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Fast Laser Could Speed Communications

Photonics.com
Mar 2011
GOTHENBURG, Sweden, March 11, 2011 — The speed of surface-emitting lasers has been increased four times to an error-free data rate and record of 40 Gb – a breakthrough that could lead to faster Internet traffic, computers and mobile phones.


Up to 100,000 lasers can be fabricated and tested before we cut the wafer into chips, Anders Larsson says. (Image: J-O Yxell)

“The market for this technology is gigantic. In the huge data centers that handle the Internet, there are today over 100 million surface-emitting lasers. That figure is expected to increase a hundredfold,” said Anders Larsson, professor at Chalmers University of Technology and, together with his research group in optoelectronics, developer of the high-speed laser.

Unlike with a conventional laser, the light from a surface-emitting laser is emitted from the surface of the laser chip, not the edge. The gain is the ability not only to fabricate but also to test the lasers on the wafer (a 75-mm-wide substrate of semiconductor material of industrial type) before it is cut into individual chips for assembly. The lasers work directly where they sit on the wafer. Conventional lasers work only after partition. The ability to test up to 100,000 lasers on a wafer reduces the cost of production to one-tenth compared with conventional lasers.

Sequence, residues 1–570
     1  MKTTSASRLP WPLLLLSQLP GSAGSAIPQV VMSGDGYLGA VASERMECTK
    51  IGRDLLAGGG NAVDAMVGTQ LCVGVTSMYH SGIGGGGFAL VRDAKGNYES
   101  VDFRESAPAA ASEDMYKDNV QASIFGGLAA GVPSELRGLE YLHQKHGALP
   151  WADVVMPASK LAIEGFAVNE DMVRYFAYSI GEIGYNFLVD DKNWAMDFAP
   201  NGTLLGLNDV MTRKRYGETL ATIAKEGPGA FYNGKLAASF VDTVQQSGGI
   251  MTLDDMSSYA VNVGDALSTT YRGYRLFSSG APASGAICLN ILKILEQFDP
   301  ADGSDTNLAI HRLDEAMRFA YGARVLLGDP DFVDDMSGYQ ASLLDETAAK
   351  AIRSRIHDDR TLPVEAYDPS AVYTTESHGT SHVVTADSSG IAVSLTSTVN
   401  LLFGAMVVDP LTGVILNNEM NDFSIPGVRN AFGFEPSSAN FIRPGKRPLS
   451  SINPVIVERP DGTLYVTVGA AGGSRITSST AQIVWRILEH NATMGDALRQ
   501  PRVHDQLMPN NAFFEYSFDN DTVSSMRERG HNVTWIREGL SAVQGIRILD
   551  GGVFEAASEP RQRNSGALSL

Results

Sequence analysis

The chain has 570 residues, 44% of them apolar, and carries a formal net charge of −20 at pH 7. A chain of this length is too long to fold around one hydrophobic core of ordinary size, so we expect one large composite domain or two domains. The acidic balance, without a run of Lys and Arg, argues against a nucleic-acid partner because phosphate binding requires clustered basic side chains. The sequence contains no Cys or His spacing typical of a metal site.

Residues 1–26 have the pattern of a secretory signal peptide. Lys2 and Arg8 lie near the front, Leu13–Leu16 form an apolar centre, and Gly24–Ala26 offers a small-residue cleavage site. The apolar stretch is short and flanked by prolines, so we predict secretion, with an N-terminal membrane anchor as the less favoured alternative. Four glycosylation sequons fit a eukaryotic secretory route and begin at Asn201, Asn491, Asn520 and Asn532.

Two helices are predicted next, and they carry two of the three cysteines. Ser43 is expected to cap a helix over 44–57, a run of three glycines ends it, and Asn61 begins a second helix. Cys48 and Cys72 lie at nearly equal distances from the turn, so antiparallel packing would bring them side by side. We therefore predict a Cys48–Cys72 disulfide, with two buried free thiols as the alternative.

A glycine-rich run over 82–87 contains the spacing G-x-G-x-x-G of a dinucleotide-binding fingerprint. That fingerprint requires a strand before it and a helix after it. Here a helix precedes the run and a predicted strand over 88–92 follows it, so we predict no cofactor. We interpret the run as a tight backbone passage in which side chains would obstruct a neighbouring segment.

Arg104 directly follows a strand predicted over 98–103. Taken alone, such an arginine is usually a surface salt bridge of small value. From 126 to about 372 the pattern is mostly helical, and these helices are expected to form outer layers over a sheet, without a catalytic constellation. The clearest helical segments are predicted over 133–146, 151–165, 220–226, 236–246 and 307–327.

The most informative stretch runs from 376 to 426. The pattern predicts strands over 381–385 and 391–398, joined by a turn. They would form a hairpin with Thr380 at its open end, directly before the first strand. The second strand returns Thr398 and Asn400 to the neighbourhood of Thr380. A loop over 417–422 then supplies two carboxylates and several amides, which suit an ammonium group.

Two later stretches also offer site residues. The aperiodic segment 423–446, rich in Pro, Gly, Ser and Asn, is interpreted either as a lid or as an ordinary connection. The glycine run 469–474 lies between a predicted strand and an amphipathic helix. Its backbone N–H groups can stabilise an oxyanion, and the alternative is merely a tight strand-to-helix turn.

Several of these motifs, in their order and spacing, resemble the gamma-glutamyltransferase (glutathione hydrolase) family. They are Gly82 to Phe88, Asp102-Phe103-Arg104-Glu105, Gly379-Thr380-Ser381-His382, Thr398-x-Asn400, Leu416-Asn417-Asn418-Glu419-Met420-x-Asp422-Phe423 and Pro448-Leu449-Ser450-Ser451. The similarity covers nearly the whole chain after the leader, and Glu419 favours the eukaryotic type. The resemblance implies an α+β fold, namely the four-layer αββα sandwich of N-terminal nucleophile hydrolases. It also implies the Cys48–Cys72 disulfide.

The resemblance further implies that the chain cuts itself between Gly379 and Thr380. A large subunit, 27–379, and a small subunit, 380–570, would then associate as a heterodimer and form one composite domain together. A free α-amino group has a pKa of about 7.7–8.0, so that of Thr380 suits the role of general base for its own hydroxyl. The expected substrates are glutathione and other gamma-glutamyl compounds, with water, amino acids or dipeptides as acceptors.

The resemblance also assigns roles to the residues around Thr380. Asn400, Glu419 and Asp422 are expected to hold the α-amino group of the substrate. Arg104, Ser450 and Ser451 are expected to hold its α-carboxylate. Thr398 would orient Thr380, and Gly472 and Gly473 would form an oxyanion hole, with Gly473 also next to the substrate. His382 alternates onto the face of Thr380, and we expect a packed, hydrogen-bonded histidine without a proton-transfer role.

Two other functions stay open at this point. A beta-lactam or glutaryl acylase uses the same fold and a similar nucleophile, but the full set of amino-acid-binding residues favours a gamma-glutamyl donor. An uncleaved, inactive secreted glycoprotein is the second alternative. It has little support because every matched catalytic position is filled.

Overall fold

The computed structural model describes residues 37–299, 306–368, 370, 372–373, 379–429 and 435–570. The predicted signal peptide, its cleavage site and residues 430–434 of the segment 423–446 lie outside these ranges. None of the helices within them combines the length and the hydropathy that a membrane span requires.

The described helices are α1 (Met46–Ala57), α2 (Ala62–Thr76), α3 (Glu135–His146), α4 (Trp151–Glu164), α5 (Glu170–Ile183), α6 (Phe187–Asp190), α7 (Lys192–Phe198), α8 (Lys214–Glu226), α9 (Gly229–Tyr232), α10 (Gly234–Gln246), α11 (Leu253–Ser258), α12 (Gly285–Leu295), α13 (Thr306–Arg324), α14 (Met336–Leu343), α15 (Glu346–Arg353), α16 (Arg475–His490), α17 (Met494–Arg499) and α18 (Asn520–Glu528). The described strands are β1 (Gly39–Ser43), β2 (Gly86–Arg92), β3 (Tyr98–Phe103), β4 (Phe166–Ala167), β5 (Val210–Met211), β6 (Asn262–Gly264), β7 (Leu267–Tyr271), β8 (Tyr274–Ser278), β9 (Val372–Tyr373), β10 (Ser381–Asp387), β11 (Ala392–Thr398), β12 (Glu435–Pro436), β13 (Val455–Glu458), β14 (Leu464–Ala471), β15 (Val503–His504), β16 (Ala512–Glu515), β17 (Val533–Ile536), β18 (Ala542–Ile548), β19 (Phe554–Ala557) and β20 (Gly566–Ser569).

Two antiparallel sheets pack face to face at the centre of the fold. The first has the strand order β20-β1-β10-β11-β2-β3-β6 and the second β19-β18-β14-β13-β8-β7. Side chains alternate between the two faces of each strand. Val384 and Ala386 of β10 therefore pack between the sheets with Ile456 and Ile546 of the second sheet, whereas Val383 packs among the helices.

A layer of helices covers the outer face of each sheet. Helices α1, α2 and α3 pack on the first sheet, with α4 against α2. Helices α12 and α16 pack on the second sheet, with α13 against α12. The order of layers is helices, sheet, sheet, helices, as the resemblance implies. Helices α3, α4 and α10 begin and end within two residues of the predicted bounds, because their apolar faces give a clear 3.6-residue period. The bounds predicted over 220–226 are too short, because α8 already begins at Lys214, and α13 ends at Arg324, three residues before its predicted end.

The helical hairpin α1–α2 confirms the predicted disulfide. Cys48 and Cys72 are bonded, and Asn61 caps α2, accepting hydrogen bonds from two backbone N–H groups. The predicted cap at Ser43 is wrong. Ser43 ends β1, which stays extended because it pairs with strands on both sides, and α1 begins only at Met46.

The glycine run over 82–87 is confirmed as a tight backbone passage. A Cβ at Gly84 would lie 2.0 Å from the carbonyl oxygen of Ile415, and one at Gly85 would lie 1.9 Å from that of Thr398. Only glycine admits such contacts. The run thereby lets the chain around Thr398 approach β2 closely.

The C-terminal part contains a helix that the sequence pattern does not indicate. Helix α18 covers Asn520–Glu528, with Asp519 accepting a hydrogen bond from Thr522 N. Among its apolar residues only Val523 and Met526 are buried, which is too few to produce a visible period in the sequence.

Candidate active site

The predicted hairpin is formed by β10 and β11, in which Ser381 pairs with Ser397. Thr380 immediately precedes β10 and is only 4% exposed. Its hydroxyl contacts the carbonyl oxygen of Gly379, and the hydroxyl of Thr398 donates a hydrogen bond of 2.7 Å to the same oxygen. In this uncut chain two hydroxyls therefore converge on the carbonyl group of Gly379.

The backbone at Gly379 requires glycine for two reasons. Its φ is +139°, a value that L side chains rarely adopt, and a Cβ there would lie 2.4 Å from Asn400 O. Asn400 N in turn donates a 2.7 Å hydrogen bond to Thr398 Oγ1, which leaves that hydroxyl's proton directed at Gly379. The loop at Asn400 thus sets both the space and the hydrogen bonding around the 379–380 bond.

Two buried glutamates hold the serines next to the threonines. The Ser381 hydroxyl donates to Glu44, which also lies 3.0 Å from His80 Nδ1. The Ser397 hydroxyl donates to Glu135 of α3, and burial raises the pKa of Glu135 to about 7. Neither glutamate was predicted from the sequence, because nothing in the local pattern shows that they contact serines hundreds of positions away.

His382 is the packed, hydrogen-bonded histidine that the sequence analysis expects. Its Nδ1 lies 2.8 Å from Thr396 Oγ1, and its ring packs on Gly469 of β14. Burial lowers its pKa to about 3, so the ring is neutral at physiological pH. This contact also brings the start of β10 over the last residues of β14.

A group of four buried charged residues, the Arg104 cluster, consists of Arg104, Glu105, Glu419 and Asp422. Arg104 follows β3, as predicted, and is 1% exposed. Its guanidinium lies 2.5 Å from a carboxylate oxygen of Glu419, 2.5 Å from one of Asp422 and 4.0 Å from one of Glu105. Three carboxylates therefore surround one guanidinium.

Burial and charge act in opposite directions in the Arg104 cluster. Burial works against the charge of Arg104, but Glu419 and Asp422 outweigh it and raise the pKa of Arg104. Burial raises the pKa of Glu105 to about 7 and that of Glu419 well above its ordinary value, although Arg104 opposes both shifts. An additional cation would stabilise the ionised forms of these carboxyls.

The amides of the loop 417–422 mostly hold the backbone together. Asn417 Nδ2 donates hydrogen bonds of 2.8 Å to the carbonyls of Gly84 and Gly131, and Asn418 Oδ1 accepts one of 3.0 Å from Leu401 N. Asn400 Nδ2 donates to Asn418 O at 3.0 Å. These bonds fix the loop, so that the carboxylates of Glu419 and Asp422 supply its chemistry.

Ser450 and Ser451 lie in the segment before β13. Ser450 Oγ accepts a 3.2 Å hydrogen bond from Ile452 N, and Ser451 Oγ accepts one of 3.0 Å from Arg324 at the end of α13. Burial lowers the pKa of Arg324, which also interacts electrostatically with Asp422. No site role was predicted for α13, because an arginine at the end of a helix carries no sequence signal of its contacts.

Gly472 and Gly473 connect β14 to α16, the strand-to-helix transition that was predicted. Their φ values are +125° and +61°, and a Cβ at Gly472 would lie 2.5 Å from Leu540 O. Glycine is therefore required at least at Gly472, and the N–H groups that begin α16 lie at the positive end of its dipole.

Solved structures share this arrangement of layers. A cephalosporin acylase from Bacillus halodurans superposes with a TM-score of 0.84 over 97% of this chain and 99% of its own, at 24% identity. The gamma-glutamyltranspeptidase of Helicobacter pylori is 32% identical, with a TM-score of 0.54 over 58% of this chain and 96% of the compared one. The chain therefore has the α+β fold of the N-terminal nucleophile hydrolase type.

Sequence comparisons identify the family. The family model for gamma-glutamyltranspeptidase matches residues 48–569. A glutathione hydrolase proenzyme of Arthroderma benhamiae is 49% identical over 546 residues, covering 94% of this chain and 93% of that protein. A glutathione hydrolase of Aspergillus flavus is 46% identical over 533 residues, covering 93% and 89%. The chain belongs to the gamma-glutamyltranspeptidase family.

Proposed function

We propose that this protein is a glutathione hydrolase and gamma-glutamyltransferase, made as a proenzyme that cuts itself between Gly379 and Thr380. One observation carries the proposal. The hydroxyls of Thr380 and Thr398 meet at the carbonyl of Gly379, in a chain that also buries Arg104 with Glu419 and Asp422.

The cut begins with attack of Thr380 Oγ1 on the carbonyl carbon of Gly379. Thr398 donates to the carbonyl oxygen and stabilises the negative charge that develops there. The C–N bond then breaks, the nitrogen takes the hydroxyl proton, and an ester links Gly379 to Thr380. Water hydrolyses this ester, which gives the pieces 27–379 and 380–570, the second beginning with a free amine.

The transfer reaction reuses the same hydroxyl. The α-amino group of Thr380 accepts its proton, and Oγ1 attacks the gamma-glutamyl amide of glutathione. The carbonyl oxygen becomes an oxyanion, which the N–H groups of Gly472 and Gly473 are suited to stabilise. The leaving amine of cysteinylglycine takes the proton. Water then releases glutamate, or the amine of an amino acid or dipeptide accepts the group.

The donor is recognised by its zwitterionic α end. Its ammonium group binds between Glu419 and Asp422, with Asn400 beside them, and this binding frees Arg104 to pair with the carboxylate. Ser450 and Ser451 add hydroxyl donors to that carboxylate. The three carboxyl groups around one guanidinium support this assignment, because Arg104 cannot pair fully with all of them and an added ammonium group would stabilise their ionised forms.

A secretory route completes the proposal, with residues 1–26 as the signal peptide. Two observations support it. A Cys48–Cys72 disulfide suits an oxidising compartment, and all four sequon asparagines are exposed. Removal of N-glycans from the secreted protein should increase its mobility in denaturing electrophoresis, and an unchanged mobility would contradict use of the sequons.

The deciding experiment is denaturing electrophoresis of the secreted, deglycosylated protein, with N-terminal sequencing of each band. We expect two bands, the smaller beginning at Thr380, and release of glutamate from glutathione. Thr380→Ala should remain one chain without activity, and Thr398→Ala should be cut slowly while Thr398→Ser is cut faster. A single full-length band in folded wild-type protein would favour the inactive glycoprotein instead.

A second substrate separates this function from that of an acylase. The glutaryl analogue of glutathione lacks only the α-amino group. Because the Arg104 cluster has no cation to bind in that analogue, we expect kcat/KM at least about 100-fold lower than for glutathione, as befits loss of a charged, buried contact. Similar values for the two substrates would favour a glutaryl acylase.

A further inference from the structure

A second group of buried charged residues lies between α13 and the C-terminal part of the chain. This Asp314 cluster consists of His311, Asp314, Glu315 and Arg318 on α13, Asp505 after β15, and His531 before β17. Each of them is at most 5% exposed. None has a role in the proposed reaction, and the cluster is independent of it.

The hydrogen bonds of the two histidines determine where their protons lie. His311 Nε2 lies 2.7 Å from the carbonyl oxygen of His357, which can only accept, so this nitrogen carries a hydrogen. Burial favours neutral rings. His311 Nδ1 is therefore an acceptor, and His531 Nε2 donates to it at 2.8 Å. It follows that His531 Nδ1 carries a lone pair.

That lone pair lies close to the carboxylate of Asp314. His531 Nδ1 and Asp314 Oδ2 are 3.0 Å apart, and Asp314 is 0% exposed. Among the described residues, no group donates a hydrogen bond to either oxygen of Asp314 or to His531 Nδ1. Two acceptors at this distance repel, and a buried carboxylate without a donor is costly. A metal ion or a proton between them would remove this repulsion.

The laser volume is smaller and requires less power at the same speed. The power consumption is one-tenth of what a conventional laser requires at 40 Gb – only a few hundred fJ/bit. If Anders Larsson and co-workers succeed in their development, he expects that the power consumption of a complete optical link between circuits in a computer (including drive electronics and receiver) will be no more than 100 fJ/bit.

“The laser's unique design makes it cheap to produce, while it transmits data at high rates with low power consumption,” Larsson said.

The combination is unique and opens up to a large-scale transition from electrical cables to optical cables in computers and to side equipment as a substitute for USB cables, for instance.

“Here we are heading for a power catastrophe. The data centers represent a few percents of America's entire electricity consumption,” he said.

The next step for the Chalmers researchers is to modify the design and refine the ways to control the laser, to increase speed, and to reduce power consumption even further.

For more information, visit:  www.chalmers.se/en 



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